How to Pay Off Credit Card Debt

Point of Interest: Paying Off Credit Card Debt

Credit card debt can easily pile up on you while having balances on multiple accounts. There are two key steps to take if you’re currently trying to get out of some debt of your own: identifying your monthly debt payments and spending the most you can in check.

When you have balances on multiple credit cards, you might feel like you don’t know how to get out of debt. Although paying off all your dues can seem impossible, you can handle it by slowly chipping away at it. By lowering the amount of credit debt, you’ll have a smaller debt-to-income ratio, which will benefit you with larger purchases (such as a house) by increasing your credit score. 

We’ll go over two methods for you to consider when organizing your debt repayment. If you’re the type of person who prefers to check things off their to-do list, you might consider paying the smallest debt first and then moving up. However, if you are interested in maximizing your savings on interest, you might start with the debt that carries the highest interest rate. Whichever route you take, we are here to help through this seemingly intimidating process of paying off your debt — and to prove that you are more than capable.

Identify your monthly debt payments

Organizing your debt repayment plan is the first step toward financial freedom, but it can be tricky to know where to start. First off, you’ll need to know exactly how much you owe. Pull up your credit card information to discover how much you owe and what your interest rate on each card is. Once you have these, find your minimum payment for each and add them up. If the sum seems high, keep paying the minimum, however, if at all possible, try to pay off more than the minimum each month.

Which credit card do you pay off first, though? That depends on your preferences. If you feel satisfied when you see debts disappear off your list, go for the card with the smallest balance first, This could in turn  motivate you to get the rest checked off. However, if you prefer to save the most money, you should pay off the credit card with the highest interest rate. That way, you’ll pay less in interest over time.

Keep spending in check

The best way to get your credit debt down is to curtail your spending. First, come up with a budget. To do this, add up how much income you bring in each month, as well as the total of all your fixed expenses like rent and car payments. Then calculate an estimate of your total variable expenses, like utility bills, groceries and nights out. When you subtract the two from your monthly income, you’ll see how much money you have left over. 

Writing down every unnecessary item that you spend on each month can help you see where you can cut back. A good example would be if you have three streaming services and can choose just one favorite to keep, or you’re paying $10 a month for a magazine subscription that goes into the recycling before you have a chance to read it. You can add this extra bit of savings to your debt payments, which will make a significant impact over time.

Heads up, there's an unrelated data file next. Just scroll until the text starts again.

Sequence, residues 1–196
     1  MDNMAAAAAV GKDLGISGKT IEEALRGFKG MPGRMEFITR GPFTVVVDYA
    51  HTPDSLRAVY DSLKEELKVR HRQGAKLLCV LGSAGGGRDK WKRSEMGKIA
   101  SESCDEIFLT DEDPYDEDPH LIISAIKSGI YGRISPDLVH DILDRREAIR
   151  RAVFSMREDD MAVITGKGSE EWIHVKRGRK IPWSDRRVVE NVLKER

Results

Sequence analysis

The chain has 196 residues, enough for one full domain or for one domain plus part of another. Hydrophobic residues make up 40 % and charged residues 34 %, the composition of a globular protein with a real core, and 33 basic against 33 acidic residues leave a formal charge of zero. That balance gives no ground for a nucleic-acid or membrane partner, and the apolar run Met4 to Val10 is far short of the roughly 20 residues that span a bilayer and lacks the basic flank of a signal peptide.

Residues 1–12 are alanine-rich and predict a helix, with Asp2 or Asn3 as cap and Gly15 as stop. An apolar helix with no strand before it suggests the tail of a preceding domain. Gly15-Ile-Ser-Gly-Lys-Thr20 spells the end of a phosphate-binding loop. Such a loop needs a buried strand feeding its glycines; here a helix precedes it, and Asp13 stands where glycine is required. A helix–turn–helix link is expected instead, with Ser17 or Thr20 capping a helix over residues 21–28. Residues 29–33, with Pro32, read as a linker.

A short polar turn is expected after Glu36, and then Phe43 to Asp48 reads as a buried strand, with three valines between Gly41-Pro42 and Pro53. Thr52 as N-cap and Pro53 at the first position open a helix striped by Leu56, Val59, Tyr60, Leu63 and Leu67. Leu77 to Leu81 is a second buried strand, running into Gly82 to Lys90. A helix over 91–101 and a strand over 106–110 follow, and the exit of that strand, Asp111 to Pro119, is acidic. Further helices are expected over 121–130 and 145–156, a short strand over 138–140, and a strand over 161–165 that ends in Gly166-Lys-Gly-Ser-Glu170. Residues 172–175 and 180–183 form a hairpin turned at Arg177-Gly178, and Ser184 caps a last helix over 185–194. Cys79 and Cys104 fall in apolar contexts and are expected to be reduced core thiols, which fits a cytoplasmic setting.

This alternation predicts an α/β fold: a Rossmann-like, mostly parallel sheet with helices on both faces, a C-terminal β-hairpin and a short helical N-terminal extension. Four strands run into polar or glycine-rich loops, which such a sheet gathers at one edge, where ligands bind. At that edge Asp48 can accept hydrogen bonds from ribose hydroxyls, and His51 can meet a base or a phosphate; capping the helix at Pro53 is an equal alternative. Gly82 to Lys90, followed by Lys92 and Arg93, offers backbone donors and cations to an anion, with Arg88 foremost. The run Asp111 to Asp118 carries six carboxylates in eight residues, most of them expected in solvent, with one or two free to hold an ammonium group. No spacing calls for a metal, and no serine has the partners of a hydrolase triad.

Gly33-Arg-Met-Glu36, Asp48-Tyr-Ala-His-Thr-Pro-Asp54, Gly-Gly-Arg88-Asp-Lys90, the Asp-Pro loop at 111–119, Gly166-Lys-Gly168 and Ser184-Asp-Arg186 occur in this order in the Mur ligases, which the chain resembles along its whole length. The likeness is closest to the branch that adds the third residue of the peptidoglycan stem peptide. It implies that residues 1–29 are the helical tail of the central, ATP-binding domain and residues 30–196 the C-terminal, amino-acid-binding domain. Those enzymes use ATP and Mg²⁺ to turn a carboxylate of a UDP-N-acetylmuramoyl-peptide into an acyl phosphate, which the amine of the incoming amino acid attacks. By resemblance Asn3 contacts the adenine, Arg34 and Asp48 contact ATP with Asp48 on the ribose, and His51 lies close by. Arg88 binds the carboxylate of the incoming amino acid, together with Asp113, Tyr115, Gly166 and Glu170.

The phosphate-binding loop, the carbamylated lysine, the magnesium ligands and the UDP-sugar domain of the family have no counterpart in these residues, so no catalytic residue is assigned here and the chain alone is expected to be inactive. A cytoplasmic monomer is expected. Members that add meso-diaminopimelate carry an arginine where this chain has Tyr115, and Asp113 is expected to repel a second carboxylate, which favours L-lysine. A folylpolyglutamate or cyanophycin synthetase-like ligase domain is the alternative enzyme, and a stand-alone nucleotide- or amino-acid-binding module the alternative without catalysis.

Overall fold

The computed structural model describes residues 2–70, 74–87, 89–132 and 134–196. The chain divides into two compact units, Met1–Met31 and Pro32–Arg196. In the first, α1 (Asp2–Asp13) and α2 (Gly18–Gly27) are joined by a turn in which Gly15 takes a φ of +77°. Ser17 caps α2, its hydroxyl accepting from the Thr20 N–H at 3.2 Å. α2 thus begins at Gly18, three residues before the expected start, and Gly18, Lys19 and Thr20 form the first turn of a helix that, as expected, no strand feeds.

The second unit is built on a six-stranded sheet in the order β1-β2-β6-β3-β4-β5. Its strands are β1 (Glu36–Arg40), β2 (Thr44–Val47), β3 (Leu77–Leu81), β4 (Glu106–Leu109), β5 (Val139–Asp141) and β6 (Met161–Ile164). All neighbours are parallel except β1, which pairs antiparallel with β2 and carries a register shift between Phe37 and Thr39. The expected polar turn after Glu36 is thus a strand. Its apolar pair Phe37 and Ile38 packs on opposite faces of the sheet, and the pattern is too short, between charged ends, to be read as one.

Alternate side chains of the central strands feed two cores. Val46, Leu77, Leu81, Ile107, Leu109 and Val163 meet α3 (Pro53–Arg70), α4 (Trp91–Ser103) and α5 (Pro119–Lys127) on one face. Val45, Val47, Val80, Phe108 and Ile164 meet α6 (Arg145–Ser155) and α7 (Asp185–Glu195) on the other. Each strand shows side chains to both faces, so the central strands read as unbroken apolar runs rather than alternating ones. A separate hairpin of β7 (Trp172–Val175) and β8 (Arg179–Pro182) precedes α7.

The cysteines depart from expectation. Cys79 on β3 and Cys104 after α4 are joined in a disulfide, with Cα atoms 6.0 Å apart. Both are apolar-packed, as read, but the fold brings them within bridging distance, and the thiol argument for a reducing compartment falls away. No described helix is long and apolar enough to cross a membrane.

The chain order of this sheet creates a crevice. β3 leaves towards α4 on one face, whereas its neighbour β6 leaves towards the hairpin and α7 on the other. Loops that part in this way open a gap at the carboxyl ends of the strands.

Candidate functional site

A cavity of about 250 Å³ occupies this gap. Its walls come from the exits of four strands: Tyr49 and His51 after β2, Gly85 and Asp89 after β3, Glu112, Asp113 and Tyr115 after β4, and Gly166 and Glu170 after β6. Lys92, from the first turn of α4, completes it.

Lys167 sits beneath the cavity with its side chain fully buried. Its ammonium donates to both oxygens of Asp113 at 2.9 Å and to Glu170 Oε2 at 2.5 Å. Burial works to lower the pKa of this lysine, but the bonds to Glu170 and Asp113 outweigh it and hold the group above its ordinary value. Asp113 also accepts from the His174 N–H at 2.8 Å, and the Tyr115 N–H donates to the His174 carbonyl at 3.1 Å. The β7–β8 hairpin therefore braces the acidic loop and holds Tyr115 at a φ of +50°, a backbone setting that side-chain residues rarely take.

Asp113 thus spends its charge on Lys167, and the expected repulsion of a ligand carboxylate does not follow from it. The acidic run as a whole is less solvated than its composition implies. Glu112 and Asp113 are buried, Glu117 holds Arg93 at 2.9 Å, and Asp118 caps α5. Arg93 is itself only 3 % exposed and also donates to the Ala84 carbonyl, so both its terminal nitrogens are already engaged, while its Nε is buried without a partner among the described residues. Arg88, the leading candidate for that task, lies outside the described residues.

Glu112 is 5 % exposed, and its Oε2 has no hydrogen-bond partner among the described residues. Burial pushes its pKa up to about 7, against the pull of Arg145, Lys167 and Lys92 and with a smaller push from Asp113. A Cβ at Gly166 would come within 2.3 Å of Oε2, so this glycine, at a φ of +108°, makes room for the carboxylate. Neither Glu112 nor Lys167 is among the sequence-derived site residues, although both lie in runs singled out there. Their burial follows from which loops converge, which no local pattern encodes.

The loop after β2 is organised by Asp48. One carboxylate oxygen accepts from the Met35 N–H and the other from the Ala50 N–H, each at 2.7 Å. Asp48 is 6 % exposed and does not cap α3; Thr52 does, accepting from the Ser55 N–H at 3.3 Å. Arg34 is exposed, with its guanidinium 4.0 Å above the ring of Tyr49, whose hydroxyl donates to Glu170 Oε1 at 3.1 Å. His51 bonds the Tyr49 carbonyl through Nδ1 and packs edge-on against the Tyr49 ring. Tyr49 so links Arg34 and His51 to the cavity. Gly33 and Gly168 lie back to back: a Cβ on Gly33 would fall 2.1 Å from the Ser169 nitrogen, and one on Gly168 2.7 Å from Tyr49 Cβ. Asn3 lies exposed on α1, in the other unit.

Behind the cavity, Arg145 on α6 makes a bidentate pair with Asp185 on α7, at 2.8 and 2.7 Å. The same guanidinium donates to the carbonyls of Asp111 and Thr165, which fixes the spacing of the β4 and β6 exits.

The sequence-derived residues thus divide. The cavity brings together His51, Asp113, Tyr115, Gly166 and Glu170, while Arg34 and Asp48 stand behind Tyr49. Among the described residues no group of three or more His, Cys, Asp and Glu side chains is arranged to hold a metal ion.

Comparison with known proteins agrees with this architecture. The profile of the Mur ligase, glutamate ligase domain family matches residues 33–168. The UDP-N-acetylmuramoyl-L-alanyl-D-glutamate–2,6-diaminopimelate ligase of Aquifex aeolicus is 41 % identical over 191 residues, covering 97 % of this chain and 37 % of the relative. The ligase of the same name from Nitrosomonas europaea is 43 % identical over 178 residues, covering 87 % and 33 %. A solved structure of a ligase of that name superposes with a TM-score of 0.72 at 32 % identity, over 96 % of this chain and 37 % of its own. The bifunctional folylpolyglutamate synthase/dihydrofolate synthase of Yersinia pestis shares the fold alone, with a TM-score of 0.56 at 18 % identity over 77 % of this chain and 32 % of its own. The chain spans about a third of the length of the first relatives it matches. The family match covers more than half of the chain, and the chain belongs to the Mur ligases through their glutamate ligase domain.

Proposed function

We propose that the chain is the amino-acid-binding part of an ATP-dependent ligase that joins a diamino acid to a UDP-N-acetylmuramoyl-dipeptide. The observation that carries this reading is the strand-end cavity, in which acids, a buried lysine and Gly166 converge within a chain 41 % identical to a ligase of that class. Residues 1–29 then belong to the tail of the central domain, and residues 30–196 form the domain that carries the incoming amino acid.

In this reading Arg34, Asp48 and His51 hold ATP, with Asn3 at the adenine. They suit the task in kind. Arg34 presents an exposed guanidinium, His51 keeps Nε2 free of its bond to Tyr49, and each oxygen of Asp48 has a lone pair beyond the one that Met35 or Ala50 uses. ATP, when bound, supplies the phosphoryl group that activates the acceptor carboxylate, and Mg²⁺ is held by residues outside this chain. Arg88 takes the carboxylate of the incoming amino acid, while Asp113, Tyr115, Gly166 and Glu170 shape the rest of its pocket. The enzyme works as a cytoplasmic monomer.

What if I can’t make all my payments?

If you are struggling to make a payment, don’t ignore it. Missing a payment on a credit card can harm your FICO score and stay on your credit report for years. Instead, call your credit card provider to discuss options. Credit providers are often willing to work with you, but it’s up to you to make the first call. The company may be able to lower your interest rate, change your due date or lower your minimum payment. These options can help ease the monthly burden on your finances. 

The dos and don’ts of credit card debt repayment

Figuring out how to get out of credit debt can be a challenge. Take a look at these three pieces of advice we offer for strategies that could help you along the way and things you might want to avoid while you’re paying down your debt.


  • Pay off more than your monthly minimum, if at all possible. Even a few extra dollars each month will lower the amount of interest you pay significantly.
  • Plan your attack. Come up with a strategy for debt repayment that you are motivated to complete. Otherwise, you might not bother.
  • Set up automatic payments. If the money is coming out of your account without you having to do anything, you might not even notice it’s gone. Plus, this will save you from possibly forgetting a payment.


  • Miss a payment. Not paying or paying late on even a single payment can lower your credit score and affect your credit for years to come.
  • Take out a new credit card. The more credit you have available, the more enticed you might be to spend money you don’t have.
  • Pay too much each month. Spending all your money on your credit cards without leaving anything for groceries is unsustainable. Make sure you have enough left over for necessary expenses each month.

The final word

Figuring out which debts to pay off first can seem overwhelming when you have a lot of different accounts that are calling for your attention, but it doesn’t have to be scary. Chipping away at small pebbles of debt each month will soon become a boulder. All it takes is persistence, smart spending and a bit of organization. Whether you choose to pay off your smallest debt first to make your debt list shorter or repay the debt with the highest interest, you’ll soon be making your way out from under that mountain of debt.

Tiffany Verbeck

Personal Finance Contributor

Tiffany Verbeck is a personal finance expert. She uses her storytelling skills gained from a master’s degree in writing to run a freelancing business focused on helping people make and manage their money.